Bothwell’s response to this was to march straight into James’s private chambers early one morning, prudently “weill provydit with pistol.” While a half-dressed King cowered in terror at this invasion, (the more indiscreet accounts suggest His Majesty was cornered while in the privy,) Francis placidly bowed at his sovereign’s feet (Roughead: Bothwell, "though a wizard, was a gentleman") and begged forgiveness.
It is a tribute to the paralyzing effect this amazing man had on King James that this is exactly what he got. That very day, a proclamation was made in Edinburgh announcing Bothwell had received the Royal pardon for all offenses, “with heralds and trumpettis sounding for joy.”
Now that Bothwell had the upper hand, he thought it would look well to hold a trial to officially clear his name of these pesky witchcraft and treason allegations. (He first took the expected precaution of packing Edinburgh with his private army, just to ensure the sympathies of the jury.)
In response to the depositions of the “witches” implicating Bothwell in their activities (depositions that were, of course, obtained under torture,) he simply dismissed them as lies put in the mouths of those unfortunates by his political enemies. He threatened to produce witnesses who would swear they had been told that if they did not implicate Bothwell in the conspiracies against James, they would “endure such torments as no man was able to abide.”
Whether out of a healthy fear of Bothwell’s soldiers, a desire to defend the nobility, or even—who knows?—a belief in the defendant’s innocence, the jury voted unanimously for acquittal.
James, alas, was unreliable even as a puppet. As soon as Bothwell was at a safe distance, the king announced that his pardon of Bothwell had been given under duress, and was now revoked. James sensibly added that the Earl was now forbidden from getting within ten miles of him.
Bothwell’s last grand gesture against his kingly cousin came in March of 1594, when he instigated what is now known as the Raid of Leith. The Earl came swooping down on James with some four hundred men, but the townspeople proved loyal. Although Bothwell fought “fearcelie with clamor and courage,” the raiders were fought off. (During the affray, we are told James himself fled in panic, “ryding in to Edinburgh at the full gallop, with little honour.”)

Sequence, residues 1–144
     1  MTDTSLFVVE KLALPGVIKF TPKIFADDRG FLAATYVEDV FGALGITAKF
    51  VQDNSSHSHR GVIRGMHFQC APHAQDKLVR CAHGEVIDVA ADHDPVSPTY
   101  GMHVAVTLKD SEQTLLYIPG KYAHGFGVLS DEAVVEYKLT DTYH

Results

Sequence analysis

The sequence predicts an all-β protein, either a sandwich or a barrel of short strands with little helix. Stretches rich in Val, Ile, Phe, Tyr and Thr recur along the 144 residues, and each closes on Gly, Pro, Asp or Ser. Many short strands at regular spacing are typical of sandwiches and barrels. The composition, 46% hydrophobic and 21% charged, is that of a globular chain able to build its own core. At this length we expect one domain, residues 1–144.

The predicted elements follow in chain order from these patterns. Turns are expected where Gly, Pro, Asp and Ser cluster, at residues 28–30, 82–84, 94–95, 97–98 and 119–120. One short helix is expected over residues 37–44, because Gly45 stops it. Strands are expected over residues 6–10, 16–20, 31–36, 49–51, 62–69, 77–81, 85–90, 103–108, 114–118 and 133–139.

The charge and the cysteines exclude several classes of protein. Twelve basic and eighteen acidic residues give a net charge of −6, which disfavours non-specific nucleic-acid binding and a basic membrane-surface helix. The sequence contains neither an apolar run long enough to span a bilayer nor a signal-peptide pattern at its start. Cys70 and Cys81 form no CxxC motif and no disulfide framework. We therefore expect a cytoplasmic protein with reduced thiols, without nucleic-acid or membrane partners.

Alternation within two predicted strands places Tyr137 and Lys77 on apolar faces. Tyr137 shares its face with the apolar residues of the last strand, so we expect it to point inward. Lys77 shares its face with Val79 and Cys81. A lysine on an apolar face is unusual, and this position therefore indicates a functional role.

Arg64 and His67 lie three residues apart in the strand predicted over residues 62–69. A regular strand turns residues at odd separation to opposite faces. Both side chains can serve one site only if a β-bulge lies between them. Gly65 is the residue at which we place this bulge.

Bothwell did not have many more cards to play. He sought refuge in England, but Elizabeth, who had little sympathy for losers, bade him begone. After some futile political coquetting with the Catholics, Bothwell departed for the Continent, and Scotland saw him no more. He made energetic efforts to raise armies to enable him to regain citizenship in his homeland by force, but to no avail. The Earl finally settled in Italy, where, we are told, he became “famous for suspected necromancy.” Legend has it he made a professional career of casting horoscopes and performing even more Satanic arts.
We have the text of a letter Bothwell allegedly wrote a French witch-hunter during his final years. If genuine, it certainly provides a suggestive coda to the North Berwick witchcraft story. He wrote:
”You Christians are treacherous and obstinate. When you have any strong desire, you depart from your master and have recourse to me; but when your desire is accomplished, you turn your back on me as your enemy, and you go back to your God, who being benign and merciful, pardons you and receives you willingly. But make me a promise, written and signed by your own hand, that you voluntarily renounce Christ and your Baptism and promise that you will adhere and be with me to the day of judgment, and after that you will rejoice yourself with me to suffer eternal pains; and I will accomplish your desire.”
Bothwell is believed to have perished not long after writing this letter, sometime around 1612.
But, of course, everyone knows the Devil never really dies.